It happened 36 years ago so you’ll have to forgive my memory for being hazy.
In 1980, the late and much-lamented Studio Arena Theater had just moved into the theater where Dewey Michaels had relocated The Palace Burlesque in his last-ditch attempt to forestall history. It was a major Buffalo event.
The Studio Arena play honoring the occasion was written by a playwright named Mark Berman, whose subsequent career has not exactly been written in neon. It was called “Lady of the Diamond.”
On the other hand, the stars of the play and its director went on to have huge careers in theater. The actors turned into beloved standards in TV and movies – Christine Baranski and John Goodman, two of the best character actors alive in America at the moment wherever you put them,
The director of the production was Jack O’Brien who went on to win three Tonys, one for “Hairspray.”
Baranski played Connie Weaver, the first female baseball pitcher on a professional team. The most significant figure in the team locker room was Goodman, playing a power hitter named Bomber.
I reviewed the play, but don’t ask me to remember too much about it because the play seemed gimmicky and instantly forgettable, even though its premise was nothing but appealing.
But as forgettable as the play was, that’s how charismatic were Baranski and Goodman, who bellowed in the locker room “no midgets, no monkeys, no broads.”
You couldn’t forget them. We’re talking about primordial career moments for both. They always stayed with me, as did the premise of the play.
The rest? Not so much.
Flash forward 36 years to the start of this TV season to a Fox series called “Pitch” about the first female baseball pitcher in the big leagues.
Her name is Ginny Baker and she’s played by a fine young actress named Kylie Bunbury. Mark-Paul Gosselaar plays the grizzled veteran catcher of the San Diego Padres. He’s her only supporter on the team but his knees are just barely going to allow him one or two more excruciating seasons at best.
“Pitch,” incredibly, is never cutesy. It’s about a moment surely only a few years away – when a woman breaks into Major League Baseball as an athlete. The Buffalo Bills already have the first female football coach working on special teams.
Obviously, football is not exactly a likely sport for a female player to make a stand in the NFL. But “Pitch” ingeniously imagines the first female player in the major leagues – a pitcher who admits that her 87-mph fastball isn’t going to intimidate major league hitters but who possesses enough breaking stuff to make life difficult for guys standing at home plate with a bat in their hands.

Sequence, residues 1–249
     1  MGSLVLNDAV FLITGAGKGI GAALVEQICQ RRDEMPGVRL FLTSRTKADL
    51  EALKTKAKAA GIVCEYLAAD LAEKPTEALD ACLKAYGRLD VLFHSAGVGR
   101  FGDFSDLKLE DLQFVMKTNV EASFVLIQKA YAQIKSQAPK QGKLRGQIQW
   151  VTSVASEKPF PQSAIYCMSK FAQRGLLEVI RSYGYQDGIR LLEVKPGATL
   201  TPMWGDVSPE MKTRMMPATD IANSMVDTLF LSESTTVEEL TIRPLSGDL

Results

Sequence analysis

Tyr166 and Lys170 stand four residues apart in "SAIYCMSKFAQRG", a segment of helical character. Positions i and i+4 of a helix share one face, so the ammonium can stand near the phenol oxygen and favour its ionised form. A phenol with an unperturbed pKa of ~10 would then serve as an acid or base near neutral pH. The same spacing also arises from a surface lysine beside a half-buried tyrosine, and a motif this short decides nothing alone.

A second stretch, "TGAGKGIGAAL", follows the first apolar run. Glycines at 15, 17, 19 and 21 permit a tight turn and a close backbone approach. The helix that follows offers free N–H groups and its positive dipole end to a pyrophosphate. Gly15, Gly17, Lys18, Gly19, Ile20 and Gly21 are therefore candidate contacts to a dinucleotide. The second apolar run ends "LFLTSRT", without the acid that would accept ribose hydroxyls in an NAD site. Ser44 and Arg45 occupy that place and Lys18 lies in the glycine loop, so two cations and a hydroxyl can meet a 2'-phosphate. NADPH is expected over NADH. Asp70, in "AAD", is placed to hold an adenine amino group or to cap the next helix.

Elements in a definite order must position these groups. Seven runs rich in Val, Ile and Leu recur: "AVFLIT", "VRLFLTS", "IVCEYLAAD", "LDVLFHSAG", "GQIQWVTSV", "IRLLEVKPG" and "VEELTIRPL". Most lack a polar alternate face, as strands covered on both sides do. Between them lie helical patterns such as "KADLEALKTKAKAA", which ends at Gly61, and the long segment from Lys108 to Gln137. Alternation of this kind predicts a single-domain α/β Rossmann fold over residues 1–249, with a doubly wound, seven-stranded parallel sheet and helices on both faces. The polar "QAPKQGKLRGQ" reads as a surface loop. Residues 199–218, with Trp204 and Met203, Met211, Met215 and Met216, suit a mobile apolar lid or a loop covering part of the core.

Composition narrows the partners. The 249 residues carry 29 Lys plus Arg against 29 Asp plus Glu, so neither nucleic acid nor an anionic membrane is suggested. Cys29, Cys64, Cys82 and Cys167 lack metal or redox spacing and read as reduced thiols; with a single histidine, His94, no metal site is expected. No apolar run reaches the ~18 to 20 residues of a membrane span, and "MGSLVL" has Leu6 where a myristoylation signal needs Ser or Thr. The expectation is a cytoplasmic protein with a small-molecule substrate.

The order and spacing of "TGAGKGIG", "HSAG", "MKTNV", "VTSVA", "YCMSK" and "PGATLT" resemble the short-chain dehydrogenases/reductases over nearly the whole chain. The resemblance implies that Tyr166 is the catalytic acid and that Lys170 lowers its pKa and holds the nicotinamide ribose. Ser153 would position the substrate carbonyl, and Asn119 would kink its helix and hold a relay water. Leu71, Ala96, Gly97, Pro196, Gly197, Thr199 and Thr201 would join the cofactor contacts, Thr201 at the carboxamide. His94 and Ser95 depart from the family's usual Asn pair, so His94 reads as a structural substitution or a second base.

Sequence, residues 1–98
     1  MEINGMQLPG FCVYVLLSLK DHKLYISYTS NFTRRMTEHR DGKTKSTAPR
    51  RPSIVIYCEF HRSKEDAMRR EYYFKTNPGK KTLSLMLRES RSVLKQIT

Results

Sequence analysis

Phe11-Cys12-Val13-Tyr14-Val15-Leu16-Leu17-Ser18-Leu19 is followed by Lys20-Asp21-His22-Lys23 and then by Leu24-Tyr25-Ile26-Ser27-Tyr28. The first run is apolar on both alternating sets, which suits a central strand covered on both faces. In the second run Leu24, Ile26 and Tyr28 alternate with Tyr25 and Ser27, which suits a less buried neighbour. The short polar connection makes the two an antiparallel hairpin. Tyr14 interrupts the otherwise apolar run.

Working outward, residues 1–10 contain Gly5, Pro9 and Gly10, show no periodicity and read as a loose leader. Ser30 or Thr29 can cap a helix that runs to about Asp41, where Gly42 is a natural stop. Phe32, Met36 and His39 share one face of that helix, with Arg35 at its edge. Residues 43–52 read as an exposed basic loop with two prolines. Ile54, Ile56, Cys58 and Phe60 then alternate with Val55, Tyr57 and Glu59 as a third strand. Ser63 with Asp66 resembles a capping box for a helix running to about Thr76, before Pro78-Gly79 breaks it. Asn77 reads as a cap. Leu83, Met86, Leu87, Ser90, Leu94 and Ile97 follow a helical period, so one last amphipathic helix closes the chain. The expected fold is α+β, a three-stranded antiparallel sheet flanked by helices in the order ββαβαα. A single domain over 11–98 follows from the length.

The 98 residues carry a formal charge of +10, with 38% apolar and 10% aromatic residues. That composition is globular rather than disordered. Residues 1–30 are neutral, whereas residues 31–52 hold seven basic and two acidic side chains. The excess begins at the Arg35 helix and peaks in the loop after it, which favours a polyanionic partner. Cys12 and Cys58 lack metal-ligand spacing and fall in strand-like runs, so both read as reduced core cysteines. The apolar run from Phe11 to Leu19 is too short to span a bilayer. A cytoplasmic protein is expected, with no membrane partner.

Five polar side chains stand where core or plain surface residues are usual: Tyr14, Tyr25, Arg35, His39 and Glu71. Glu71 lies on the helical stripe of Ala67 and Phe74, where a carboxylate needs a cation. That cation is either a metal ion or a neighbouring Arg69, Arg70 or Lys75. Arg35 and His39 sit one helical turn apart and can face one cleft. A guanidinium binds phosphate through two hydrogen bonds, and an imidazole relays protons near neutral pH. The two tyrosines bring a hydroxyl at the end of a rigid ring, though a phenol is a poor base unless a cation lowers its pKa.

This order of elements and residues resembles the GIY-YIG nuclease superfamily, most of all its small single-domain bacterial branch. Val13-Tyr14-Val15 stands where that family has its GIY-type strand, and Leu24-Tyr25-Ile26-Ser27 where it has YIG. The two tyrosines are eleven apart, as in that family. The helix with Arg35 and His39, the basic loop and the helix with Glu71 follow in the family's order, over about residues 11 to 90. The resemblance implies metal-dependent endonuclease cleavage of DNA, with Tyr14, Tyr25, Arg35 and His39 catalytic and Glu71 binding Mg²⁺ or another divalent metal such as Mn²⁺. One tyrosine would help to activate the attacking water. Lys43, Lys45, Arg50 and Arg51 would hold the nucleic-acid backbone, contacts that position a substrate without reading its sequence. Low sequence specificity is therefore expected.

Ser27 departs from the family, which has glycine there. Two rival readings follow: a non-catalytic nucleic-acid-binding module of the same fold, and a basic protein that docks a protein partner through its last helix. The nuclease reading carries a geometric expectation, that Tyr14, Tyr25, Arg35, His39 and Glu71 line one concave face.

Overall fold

Anyone who wanted to could turn “Pitch” inside out and upside down, hooting and howling at every one of its offenses against realism.
Funny thing, though. Major League Baseball is in on “Pitch.” They’re all for it.
Unlike “Lady of the Diamond,” I doubt this will give me much trouble remembering it precisely because it tries to imagine some things that might happen when a young woman becomes a functional pitcher, thereby turning America upside down the way Jackie Robinson and Barack Obama did.
Ali Larter plays Ginny Baker’s ambitious glamourpuss agent, who knows that “Ginsanity” in American sports will make her client into one of the biggest continuing stories in the country. Dan Lauria plays the team manager whose brain is having trouble wrapping itself around a female player in a major league locker room and team bus. And Bob Balaban is nicely chilly and toxic as a snaky owner whose dollars and cents mentality is the opposite of Branch Rickey when he made Jackie Robinson a major leaguer.
“Pitch” sneaked up on me. What was more than a little cutesy and gimmicky when it took place on a Buffalo Theater stage 36 prophetic years ago has turned into appealing and even engrossing television.
So too am I enjoying Michael Weatherly in “Bull,” the series about a trial and jury consultant based somewhat on Phil McGraw, who is one of the creators of the show.
Here too we have what was once American cutesiness in full flower being brought into something that, for a few seconds every episode, resembles prime-time plausibility.
That is distinguished completely from reality, but at least Weatherly no longer has to yammer on throughout “NCIS” as the most sophomoric movie fan on the East Coast.
So far on the show, he’s been doing his best to hide the smirk that was DeNozzo’s trademark on “NCIS.”
It’s in there somewhere, though. I’m just hoping that when the time comes for the show to bring it back out of mothballs for a little comic relief, Weatherly is smart enough to use it sparingly and not as an old friend we in the audience needed to get through Tuesday nights.